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Lucas Minich Vol. 39 Associate Editor Over the last several years, the European Union has emerged as a worldwide leader in renewable energy generation. This is not by accident. Rather, it is the result of concerted effort on the part of the Union and its Member States. Because climate change is an inherently international problem, in which the negative effects of one nation’s activities are shared by the world, meaningful progress (“meaningful progress” being the
Anna Rasmussen Vol. 40 Executive Editor Rubin et al. v. Islamic Republic of Iran et al. is a recent case about the ability of U.S. nationals to enforce a judgement against parties who would normally be afforded immunity. In dealing with foreign nations, the U.S. aims to respect “the careful balance between respecting the immunity historically afforded to foreign sovereigns and holding them accountable.”[1] Under the Foreign Sovereign Immunities Act of 1976 (FSIA), in general,
Zachary Simon Vol. 39 Associate Editor Anyone watching the peaceful protests in the Syrian towns of Homs, Aleppo, and others morph into an armed uprising in late 2011 and early 2012 could have seen a storm brewing on the horizon. It was obvious even then that the shear brutality with which Syrian dictator Bashar Al-Assad repressed the uprising—by wantonly and unrepentantly massacring Syrian civilians using barrel bombs and chemical weapons—would force people to leave their
Thomas Bourneuf VOL. 39 ASSOCIATE EDITOR Introduction As the United Kingdom (UK) prepares to leave the European Union (EU), a war is raging in Europe over which EU regulations will survive the exit. On the one side of this struggle are those that favor a “hard” Brexit, wherein the UK would devise their own regulatory standards and trade with the EU like any other non-EU-member country under World Trade Organization (WTO) rules.[1] On the other
Hyun Lee Vol. 39 Associate Editor Access to voluntary family planning and reproductive healthcare play a key role in the protection of women’s reproductive rights around the world—it is not only central to gender equality and women’s empowerment, but also critical for reducing poverty.[1] However, many women in developing countries still lack even fundamental reproductive rights and health services, including contraception. As a result, approximately 303,000 women die annually during pregnancy or childbirth as a
Sarah Syed Vol. 40 Article Editor Child marriage in humanitarian settings, particularly in Rohingya and Syrian refugee communities, has increased as a result of extreme poverty, rampant violence, fear of gender based-violence, and political strife.[1] Although the prevalence data for child marriage in regions of crisis are difficult to acquire, UNICEF has determined that child marriage has reemerged in some regions where the practice was previously nearly eradicated.[2] It is vital to understand the specific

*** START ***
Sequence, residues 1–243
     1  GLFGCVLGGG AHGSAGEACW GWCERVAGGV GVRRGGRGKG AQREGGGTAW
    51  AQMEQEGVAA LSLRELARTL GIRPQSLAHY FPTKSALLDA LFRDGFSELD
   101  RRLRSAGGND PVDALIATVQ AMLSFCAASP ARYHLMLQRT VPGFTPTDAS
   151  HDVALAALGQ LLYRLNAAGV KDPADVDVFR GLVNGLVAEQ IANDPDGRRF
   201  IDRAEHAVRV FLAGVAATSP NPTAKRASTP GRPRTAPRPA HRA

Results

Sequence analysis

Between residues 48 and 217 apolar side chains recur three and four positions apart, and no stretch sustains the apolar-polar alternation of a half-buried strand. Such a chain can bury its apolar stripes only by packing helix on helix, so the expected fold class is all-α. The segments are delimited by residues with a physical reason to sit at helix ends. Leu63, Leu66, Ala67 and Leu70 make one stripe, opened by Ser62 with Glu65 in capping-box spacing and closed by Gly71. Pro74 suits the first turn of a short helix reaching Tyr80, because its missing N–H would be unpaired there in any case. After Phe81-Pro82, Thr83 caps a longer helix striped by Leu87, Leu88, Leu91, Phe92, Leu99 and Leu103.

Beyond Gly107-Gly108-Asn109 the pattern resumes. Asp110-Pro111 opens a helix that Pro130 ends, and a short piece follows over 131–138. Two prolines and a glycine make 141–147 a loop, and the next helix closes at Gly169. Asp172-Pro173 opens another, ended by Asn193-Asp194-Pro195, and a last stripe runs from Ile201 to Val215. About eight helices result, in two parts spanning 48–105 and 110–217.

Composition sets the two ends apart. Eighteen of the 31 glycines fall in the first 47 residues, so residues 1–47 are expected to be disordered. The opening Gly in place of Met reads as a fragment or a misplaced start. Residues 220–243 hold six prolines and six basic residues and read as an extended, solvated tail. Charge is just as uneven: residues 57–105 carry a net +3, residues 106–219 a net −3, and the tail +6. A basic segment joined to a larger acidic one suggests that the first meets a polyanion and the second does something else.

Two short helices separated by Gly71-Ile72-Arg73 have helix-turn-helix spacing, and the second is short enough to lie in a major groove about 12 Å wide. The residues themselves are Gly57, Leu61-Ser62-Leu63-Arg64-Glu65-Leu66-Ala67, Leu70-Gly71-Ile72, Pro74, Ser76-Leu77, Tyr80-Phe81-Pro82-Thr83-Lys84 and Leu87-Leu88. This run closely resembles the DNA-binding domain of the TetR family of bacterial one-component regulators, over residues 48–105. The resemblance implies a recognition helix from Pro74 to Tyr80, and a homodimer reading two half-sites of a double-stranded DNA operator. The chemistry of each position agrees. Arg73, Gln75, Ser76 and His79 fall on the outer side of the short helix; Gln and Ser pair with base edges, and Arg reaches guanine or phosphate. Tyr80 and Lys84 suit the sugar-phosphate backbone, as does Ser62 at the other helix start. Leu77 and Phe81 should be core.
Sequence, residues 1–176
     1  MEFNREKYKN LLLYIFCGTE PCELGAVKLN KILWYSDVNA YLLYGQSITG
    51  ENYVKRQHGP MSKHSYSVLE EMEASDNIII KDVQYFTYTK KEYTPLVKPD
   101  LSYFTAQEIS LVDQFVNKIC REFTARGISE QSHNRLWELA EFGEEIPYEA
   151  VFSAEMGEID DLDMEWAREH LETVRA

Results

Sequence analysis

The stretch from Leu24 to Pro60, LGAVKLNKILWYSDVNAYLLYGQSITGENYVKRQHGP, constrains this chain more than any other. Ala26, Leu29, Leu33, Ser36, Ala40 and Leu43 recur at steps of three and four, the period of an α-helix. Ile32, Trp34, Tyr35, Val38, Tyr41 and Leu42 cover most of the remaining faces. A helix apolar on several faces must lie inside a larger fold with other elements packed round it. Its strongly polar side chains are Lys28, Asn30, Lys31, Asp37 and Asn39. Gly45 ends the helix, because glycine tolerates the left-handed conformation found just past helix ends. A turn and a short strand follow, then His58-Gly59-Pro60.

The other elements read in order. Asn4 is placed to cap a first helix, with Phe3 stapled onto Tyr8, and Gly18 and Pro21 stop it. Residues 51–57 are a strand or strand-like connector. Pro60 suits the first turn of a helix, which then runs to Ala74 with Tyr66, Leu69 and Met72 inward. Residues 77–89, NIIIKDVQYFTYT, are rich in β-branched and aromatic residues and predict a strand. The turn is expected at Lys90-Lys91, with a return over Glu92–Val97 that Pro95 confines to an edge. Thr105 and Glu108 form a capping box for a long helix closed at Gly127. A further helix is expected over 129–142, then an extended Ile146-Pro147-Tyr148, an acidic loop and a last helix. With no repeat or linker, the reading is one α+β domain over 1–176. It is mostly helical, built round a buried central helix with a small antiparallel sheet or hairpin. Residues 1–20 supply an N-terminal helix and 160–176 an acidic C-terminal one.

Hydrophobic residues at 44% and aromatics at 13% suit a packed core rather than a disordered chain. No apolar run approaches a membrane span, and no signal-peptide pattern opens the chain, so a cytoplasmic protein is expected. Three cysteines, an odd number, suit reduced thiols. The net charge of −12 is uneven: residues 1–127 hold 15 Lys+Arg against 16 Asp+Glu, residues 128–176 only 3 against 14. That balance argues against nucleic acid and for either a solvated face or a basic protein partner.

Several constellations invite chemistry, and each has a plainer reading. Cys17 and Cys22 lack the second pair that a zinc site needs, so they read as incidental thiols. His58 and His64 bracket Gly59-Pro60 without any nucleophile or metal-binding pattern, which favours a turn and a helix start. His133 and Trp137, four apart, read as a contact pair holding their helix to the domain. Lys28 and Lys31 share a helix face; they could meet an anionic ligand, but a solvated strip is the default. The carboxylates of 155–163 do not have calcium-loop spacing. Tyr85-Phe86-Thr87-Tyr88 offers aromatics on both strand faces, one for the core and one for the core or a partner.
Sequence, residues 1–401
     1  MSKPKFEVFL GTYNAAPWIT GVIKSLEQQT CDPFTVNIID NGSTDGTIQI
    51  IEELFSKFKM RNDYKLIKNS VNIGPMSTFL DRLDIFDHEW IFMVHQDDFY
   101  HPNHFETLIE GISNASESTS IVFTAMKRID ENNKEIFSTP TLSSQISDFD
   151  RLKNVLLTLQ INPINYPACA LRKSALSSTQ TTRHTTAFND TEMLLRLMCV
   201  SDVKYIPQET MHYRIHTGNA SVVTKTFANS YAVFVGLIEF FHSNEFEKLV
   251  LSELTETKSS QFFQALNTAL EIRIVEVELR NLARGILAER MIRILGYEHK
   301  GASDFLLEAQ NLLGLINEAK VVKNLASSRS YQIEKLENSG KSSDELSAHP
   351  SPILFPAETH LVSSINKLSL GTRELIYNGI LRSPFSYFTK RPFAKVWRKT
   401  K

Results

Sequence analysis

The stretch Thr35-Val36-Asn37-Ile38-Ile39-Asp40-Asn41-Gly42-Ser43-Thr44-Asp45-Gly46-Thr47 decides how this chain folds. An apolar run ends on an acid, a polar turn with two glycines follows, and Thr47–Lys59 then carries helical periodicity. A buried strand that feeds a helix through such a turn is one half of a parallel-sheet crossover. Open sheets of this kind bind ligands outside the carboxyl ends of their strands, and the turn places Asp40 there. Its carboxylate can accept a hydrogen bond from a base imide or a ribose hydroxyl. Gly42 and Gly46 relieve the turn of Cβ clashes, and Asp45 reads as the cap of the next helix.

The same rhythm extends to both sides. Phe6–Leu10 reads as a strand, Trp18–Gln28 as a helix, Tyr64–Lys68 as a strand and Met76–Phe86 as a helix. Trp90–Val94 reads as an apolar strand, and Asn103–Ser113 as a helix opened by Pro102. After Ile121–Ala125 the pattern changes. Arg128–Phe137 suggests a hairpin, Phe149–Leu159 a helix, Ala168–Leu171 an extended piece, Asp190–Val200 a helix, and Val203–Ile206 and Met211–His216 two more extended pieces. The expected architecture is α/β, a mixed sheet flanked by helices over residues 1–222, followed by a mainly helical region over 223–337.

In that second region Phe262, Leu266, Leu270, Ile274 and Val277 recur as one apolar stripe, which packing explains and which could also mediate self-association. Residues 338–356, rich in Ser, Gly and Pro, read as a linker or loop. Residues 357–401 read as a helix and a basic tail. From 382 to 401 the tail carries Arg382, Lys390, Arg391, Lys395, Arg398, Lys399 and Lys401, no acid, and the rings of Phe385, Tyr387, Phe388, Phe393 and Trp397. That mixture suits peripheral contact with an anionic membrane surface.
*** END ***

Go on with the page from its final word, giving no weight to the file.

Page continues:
Sara Stappert Vol. 39 Business and Development Editor The United States Department of Justice charged thirteen Russian individuals and three Russian companies on February 16, 2018[1] with an impressive indictment alleging a sophisticated network designed to influence the 2016 presidential election.[2] Deputy Attorney General Rod J. Rosenstein described the indictment as such: “[T]he Russian conspirators want to promote discord in the United States and undermine public confidence in democracy…”[3] February’s indictment paints a picture of a
Elizabeth Heise Vol. 40 Online Editor Poland has recently passed a law that would make it a crime, punishable by up to three years in prison, to use phrases such as “Polish death camps” to describe the Nazi death camps in Poland, or to blame Poland for its complicity in the Holocaust.[1] The bill, which passed in the Senate by a vote of 57-23[2] and was championed by the ruling Law and Justice Party,[3] contains
Jens Thomsen Vol. 39 Associate Editor On February 25, the Chinese Communist Party (CCP) moved to abolish the constitutional term limit on the presidency, clearing the way for Xi Jinping to stay in power indefinitely as he nears the end of his first five-year term as president.[1] The proposed amendment to the constitution must be approved by China’s CCP-controlled parliament, but this approval is expected to be a formality.[2] In addition to the removal of
Xiangyu Ouyang Vol. 39 Associate Editor In his New Year’s address this year, Chinese President Xi Jinping said his heart was “most dearly attached” to people who still live in hardship—those who are faced with difficulties in employment, children’s education, medical care and housing.[1] Xi assured that “ceaselessly solving these problems remains an unshirkable responsibility for the party and the government.”[2] However, after a deadly fire on November 18, which claimed 19 lives at a